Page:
Space Symposium 2023: US needs to invest in Space Force training, leaders say
The Gazette April 20, 2023
COLORADO SPRINGS, Colo. (Tribune News Service) — The U.S. needs to work faster to deter and detect threats in space, the secretary of the Air Force said Wednesday in Colorado Springs as he announced plans to speed up research and development efforts.
“Space isn’t just a warfighting domain, it is the warfighting domain,” said Secretary Frank Kendall to an international audience gathered at Space Symposium.
Kendall said he planned to back legislation that would allow the research and development of projects for space defense to start without waiting for Congressional budgetary approval. He noted the early phases of projects are not very expensive and could help the U.S. stay competitive as China invests heavily in space. For example, a Chinese satellite has successfully moved another satellite out of its orbit.
“We live in both dynamic and dangerous times,” Kendall said.
Space Force Gen. Chance Saltzman also called for speedy innovation and greater investment into training, saying he asked for $300 million in the 2024 Department of Defense budget to improve training and testing infrastructure, including better simulations. Some of that investment could be seen in Colorado Springs, home to Peterson and Schriever Space Force bases.
“Now is not the time to allow for any measure of complacency,” said Saltzman, who called on the Space Force, industry partners and allies to pivot to meet the new challenges.
A big part of change can be attracting and retaining new talent that will drive real change and innovation, he said. While the Space Force is almost four years old, one-third of the enlisted guardians have only served in Space Force.
To prepare them to counter potential attacks, Lt. Gen. Stephen Whiting said that guardians can complete some exercises in simulation mode on the systems they use every day, but rarely can those systems emulate current threats.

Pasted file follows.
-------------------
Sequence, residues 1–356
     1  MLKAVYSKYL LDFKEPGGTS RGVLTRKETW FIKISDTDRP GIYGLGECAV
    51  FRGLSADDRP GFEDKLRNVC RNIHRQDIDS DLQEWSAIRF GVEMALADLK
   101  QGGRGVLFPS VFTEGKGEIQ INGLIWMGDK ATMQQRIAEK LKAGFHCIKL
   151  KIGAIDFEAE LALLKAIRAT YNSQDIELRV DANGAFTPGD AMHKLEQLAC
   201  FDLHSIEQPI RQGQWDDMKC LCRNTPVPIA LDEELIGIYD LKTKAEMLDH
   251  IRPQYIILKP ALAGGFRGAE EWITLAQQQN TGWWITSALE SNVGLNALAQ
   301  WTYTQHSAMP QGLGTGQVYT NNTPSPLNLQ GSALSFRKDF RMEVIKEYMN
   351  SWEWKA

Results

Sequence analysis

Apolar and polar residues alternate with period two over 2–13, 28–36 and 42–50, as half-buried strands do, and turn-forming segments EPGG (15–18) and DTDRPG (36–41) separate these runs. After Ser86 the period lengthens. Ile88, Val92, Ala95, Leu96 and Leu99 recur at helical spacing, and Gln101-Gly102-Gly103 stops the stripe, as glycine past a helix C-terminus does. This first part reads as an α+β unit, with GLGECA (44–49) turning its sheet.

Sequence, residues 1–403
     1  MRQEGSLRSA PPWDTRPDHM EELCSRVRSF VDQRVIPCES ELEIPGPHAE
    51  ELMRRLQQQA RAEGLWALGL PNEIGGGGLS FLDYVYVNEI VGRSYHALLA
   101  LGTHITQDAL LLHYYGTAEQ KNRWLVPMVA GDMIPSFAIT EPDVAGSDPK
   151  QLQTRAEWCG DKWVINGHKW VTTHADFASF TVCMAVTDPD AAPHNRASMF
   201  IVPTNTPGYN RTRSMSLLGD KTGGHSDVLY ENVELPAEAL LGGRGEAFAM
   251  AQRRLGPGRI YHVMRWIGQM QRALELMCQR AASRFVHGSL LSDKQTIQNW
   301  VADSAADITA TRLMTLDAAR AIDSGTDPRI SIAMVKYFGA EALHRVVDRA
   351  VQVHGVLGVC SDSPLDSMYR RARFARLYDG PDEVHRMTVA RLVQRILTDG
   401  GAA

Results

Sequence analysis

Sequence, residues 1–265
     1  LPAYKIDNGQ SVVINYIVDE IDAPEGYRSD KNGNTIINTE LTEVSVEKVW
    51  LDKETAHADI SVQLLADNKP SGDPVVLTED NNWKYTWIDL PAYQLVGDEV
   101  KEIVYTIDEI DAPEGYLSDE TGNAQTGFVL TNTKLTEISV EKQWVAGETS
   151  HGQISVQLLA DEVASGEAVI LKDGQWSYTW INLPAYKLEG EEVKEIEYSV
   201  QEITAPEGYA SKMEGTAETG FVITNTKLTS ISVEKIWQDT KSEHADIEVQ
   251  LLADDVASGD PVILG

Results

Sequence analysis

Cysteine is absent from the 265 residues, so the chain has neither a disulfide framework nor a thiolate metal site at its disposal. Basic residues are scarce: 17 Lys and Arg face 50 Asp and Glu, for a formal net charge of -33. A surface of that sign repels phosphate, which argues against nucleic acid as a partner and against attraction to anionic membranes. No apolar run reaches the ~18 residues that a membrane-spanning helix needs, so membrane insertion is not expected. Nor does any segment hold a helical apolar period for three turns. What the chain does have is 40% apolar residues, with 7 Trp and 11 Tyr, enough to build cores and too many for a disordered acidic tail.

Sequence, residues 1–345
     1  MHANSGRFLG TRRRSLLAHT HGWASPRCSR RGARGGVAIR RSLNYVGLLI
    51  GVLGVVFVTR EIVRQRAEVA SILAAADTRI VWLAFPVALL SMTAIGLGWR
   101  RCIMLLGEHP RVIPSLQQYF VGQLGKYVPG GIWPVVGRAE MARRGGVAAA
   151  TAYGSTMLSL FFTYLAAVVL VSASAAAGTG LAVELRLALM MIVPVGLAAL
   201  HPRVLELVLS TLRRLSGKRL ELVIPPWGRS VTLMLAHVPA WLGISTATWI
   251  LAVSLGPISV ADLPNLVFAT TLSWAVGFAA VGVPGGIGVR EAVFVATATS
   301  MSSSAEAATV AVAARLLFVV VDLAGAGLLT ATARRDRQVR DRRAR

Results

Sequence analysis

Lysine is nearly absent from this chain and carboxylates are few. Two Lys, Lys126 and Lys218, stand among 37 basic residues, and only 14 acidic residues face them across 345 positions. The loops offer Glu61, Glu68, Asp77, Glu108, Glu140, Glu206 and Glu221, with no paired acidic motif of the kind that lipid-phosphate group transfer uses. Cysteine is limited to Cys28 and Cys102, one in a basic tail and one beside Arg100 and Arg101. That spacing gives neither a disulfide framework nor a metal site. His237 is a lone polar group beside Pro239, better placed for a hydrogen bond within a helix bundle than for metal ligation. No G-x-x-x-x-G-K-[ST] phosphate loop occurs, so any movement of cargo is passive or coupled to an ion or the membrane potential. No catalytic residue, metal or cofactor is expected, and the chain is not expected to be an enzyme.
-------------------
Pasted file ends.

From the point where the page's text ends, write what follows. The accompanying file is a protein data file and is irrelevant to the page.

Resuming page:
He would like them to have simulations that show them the indications of a satellite under attack, such as jamming that block necessarily communications, and allow them to respond.
“We have struggled to do that. ... We owe our guardians and airmen better training,” he said.
Saltzman said in the most recent large-scale space training exercise, 14 companies participated to help understand what the Space Force is looking to achieve.
The Space Force also needs to improve its ability to find and track objects in space, Saltzman said, noting that after a rocket broke up it took a couple of days to put information together about the event.
“There are some challenges with how long it takes to get the data and make sense of it,” he said.
The objects Space Force will need to manage is set to multiply as the U.S. sends up hundreds of new satellites as part of an effort to diversify U.S. missile warning and missile tracking, a focus for Buckley Space Force Base.
At the same time, The Washington Post reported earlier this month that China is planning to launch 13,000 new satellites.
Still, Kendall said the U.S. is not in a cold war with China because of the global economic ties that exist and while war is not impossible, deterrence can succeed.
“The economic consequences of aggression may not be worth the cost,” Kendall said.
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